• Richard Meyer says:

        Thanks for taking the time to respond with that long explanation. I’m glad you were finally able to complete the third book after everything you went through. I can’t wait to get into the first one. I’m a member of a couple of book clubs on Facebook and if I like it I’ll recommend it to the other members. šŸ–’

      • Rex Jameson says:

        Well, thanks for picking up both of the books! I’m going to keep Lucifer’s Odyssey free and The Goblin Rebellion at 0.99 for at least the rest of this month and possibly most of next month. So, feel free to share that if you find the books fun and interesting. I may also release Shadows of Our Fathers at $0.99 for the first month or two, just to give everyone a chance to pick it up really cheaply. After a couple of months, I expect all three books to go back up to 2.99 or 4.99. We’ll see.

  4. Richard Meyer says:

    I finally started Lucifer’s Odyssey. I’m at chapter 4 and I like it so far. It’s definitely different and I can’t wait to see what happens throughout the story.

  5. Rex Jameson says:

    Thanks for diving in! Feel free to ask any questions here. Lucifer’s Odyssey is definitely the toughest to digest of the series, unfortunately. My developmental editor was really focused on show and not tell, and for a science fiction series that blurs the lines between reality, time, and traditional christian figures, that can be tough for many readers to swallow. In the 6th edition, you at least have the prologue and a lot of “tell” that describes how the brothers see each other. Most of the bad reviews on Amazon are essentially upset at how my editor cut almost all of the telling, so people came into the book with almost no setting.

    BTW, if you do have an Amazon version with a messed up Table of Contents on Kindle, contact them and ask for a fresh download (if these directions don’t work: There was an error in the source document upload for both Lucifer’s Odyssey and The Goblin Rebellion on Amazon for 6th and 2nd editions, respectively. If Amazon doesn’t give you an updated download, you can also download the free version of Lucifer’s Odyssey on Smashwords ( Smashwords provides a mobi version which is the Kindle version. The Goblin Rebellion on Smashwords has always had a functioning Table of Contents too.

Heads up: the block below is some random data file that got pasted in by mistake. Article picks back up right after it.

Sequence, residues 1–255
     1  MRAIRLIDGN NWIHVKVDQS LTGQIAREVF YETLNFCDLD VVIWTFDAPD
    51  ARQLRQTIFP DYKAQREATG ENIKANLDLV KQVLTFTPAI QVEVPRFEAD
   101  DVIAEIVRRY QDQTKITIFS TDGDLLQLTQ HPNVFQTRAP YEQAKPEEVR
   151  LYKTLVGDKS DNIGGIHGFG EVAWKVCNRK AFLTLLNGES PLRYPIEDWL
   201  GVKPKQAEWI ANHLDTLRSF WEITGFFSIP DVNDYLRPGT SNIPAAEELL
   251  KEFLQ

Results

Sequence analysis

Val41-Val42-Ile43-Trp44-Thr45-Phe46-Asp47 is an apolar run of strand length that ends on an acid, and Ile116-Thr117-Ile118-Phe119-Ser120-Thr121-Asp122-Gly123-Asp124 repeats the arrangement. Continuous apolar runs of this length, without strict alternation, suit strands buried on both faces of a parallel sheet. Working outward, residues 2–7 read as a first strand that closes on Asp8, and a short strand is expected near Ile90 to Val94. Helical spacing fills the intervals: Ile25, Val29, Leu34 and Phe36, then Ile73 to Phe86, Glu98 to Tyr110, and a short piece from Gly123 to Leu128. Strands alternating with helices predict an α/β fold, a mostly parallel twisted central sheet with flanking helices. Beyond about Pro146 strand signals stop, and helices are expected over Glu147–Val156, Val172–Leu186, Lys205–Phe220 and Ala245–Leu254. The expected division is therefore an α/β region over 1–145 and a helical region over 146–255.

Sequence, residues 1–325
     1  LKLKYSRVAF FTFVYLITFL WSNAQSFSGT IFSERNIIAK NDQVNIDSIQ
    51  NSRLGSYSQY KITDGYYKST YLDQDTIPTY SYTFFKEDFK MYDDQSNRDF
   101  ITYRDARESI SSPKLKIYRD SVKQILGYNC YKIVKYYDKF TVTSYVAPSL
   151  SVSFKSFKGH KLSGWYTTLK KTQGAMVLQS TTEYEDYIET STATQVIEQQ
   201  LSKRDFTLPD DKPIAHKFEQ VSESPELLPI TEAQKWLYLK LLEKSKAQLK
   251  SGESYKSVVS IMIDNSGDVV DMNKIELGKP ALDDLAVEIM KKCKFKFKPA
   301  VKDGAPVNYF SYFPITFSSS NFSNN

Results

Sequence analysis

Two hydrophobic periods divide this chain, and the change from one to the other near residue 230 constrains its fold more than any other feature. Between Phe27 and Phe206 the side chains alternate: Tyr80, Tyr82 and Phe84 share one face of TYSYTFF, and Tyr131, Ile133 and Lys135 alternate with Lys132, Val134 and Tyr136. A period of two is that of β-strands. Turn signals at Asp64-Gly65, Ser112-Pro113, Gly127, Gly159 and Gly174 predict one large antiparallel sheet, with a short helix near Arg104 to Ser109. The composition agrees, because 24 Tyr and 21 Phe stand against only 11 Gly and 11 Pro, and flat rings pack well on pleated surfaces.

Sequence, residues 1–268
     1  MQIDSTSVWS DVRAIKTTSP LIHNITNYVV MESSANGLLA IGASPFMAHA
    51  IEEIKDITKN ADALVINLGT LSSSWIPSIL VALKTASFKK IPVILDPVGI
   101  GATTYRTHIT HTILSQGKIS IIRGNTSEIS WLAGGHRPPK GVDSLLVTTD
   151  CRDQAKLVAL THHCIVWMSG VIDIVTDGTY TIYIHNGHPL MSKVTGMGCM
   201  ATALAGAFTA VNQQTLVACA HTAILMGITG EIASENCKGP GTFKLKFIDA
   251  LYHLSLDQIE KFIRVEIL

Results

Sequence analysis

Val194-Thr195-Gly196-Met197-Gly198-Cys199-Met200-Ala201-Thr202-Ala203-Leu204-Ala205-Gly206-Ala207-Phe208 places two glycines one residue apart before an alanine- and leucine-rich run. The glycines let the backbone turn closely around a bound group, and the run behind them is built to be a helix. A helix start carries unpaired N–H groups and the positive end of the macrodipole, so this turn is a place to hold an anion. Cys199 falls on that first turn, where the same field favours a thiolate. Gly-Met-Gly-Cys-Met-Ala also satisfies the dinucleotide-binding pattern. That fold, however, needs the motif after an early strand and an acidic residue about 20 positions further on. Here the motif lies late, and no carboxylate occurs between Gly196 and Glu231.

6. Richard Meyer says:

    I don’t know what was messed up about the table of contents but it seems ok to me. I clicked on a couple chapters and it took me to them.

    I do have a question. What is pattern magic?

    • Rex Jameson says:

      That could take an entire blog post. I try to explain that a bit more in the bonus chapter in Lucifer’s Odyssey, which describes in more detail what the primal pattern is and how it projects universes. But here’s the succinct definition: pattern magic is any process that modifies the primal in some way to affect a projected universe.

      There are several examples throughout the series. The most basic pattern magic is a chaos bolt and it involves piercing the underlying primal pattern, which projects all universes and also stores a humongous amount of pure energy/matter. The chaos bolt is essentially a release of some of the energy pent up in the primal pattern. More complicated pattern magic involves modifying the primal pattern is some way, usually as it pertains to yourself, to augment something in the pattern itself. There’s a part in the books where a speaker amplifies his voice without a microphone using pattern magic. This person has learned how to tap into the primal and modify his own soul to be louder across ALL projected universes and then erase that augmentation. In the book, it’s child’s play, but in the book’s reality, it actually took some doing and is dangerous. Some forms of pattern magic would be like trying to do gene splicing and dna mutations by yourself. As usual, the easiest things to do are the most destructive (chaos storms, chaos bolts, etc.) and the hardest things are constructive (augmentations, being able to see into the projection itself, etc.)